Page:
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Texas pecan crop expected to be about 65 million pounds
DR. MONTE NESBITT/Texas A&M AgriLife Extension Service
Because of a number of weather factors, including a drought early in the growing season, many pecan trees set an overabundance of nuts this year.
COLLEGE STATION -- Despite the drought, the state’s pecan harvest will be exceptionally large this year, a predicted 65 million pounds, according to a Texas A&M AgriLife Extension Service expert.
On an average year, the Texas crop is between 50 million and 55 million pounds, according to Dr. Larry Stein, AgriLife Extension horticulture specialist in Uvalde who works mainly with pecans, fruits, grapes, and vegetable crops.
“The crop is good, and they seem to be well-filled,” he said. “The quality seems pretty good. The nut size may be a little bit small, but that’s okay.”
The high yields and big crop are both good and bad news for growers, Stein noted.
The good news is this year is a great improvement over the 2011 crop, which, because of the drought, was less than half the average, driving up prices to the consumer, he said. On the negative side, the big crop may drive down wholesale prices for growers, and the large nut set is resulting in a lot of limb breakage throughout the state.
“We’re probably seeing more limbs breaking (in orchards) than not,” he said. “Most years, you have enough insect pressure that will take some of the nutlets off before they set. In 2012, the crop was large enough, and the insect pressure was so dispersed, that a lot of trees that would not ordinarily set that many pecans, set an overabundance. As the nuts fill, the combined weight of the leaves and nuts is breaking limbs.”
Monte Nesbitt, AgriLife Extension horticulture specialist, College Station, said the excess fruit production was a direct result of the drought continuing into the early growing season.
When stressed, a pecan tree will form more fruit in an attempt to make sure the species is preserved, Nesbitt said. The late-season rains also contributed to the large survival rate of the nutlets and resulting limb breakage.
“Commercially, what we’ll do is trunk-shake in mid- to late July and take some of the nuts off,” Stein said. “What a homeowner should have done is to take a stick out there and knock some of the nuts off.”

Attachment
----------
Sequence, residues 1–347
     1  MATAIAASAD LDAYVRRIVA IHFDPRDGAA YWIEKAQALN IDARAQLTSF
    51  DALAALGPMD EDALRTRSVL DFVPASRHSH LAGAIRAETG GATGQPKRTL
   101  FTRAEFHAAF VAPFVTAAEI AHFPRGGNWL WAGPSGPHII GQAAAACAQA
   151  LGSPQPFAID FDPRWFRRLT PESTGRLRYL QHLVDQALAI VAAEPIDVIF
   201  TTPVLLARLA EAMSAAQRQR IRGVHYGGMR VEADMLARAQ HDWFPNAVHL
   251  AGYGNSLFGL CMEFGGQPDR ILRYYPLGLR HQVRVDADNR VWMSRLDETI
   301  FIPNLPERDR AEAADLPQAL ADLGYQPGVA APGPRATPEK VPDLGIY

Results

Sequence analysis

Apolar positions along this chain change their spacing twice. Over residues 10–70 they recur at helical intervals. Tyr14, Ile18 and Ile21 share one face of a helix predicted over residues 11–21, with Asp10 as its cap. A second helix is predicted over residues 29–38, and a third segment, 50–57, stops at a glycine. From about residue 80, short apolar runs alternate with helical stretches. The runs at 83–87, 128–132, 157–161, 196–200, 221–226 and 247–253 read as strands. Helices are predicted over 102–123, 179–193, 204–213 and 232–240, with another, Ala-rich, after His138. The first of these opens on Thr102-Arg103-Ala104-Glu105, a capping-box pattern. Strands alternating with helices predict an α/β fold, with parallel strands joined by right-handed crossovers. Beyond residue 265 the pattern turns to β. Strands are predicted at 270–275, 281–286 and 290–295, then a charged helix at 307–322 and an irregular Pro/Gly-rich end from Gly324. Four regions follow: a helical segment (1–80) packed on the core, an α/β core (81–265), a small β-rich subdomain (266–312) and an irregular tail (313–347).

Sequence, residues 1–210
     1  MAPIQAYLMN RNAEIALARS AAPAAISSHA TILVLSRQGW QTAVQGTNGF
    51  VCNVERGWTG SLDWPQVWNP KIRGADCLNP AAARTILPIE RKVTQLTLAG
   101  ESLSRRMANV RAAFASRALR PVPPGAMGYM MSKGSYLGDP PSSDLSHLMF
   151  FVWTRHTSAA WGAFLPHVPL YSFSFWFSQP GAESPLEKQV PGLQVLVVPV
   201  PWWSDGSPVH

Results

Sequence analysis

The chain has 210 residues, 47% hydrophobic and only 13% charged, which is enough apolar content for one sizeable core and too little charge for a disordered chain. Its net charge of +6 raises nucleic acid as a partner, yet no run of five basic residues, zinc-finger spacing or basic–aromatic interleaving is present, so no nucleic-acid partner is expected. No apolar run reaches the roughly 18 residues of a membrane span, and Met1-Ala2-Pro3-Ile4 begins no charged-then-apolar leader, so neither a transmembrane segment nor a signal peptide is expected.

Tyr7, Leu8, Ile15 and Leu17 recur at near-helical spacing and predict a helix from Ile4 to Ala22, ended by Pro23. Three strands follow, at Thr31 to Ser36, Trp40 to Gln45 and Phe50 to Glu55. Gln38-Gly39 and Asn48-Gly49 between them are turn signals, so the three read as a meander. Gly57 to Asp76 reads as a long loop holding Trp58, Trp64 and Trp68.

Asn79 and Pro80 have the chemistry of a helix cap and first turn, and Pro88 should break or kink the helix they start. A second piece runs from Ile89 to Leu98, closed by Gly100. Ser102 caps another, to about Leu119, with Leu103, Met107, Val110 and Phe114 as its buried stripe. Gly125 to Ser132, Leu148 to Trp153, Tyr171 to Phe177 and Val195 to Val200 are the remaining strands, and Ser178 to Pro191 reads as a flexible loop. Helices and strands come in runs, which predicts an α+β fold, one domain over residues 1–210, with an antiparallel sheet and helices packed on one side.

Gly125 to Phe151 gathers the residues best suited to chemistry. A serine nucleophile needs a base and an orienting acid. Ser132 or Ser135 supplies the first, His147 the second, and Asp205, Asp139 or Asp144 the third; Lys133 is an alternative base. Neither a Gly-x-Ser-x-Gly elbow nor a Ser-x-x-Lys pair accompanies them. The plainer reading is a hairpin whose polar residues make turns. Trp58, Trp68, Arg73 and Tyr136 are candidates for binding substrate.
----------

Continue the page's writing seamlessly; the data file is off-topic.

But untrained, non-commercial growers typically think more nuts are better, Stein said, and leave all the nutlets to set to the tree’s detriment.
AgriLife Extension district reporters compiled the following summaries:
AgriLife Extension district reporters for the Southwest District, including Wilson, Gonzales, Guadalupe, and Bexar counties, reported the region had cooler temperatures early in the week, followed by a warming trend. Recent rains kicked off grass growth and aided wheat and oats. Rain was still needed in some areas. Overall, pastures looked good.
AgriLife Extension district reporters for the Coastal Bend District, including Karnes County, reported fieldwork for the 2013 crop season began where conditions were dry enough. The only cotton left unharvested was in the northern part of the region. Hay was abundant, with many producers looking for different methods to market their excess stocks. Shorter days and cooler nights slowed Bermuda grass growth, but bluestem and other bunch grasses were growing well. Farmers expected to take another hay cutting before the first frost. Where there was not adequate rain, livestock producers continued to provide supplemental feed. Cattle remained in good condition, with herd numbers steady. The pecan harvest was expected to begin in a few weeks, with phenomenal yields anticipated. Many of the early season varieties were nearly ready, while later-season varieties and natives are a month to six weeks away from harvest.
Robert Burns has nearly 30 years’ experience writing about agriculture and agricultural-related research. He writes about Texas AgriLife Research and Texas AgriLife Extension Service activities at the Overton Center and centers in Stephenville and Temple.
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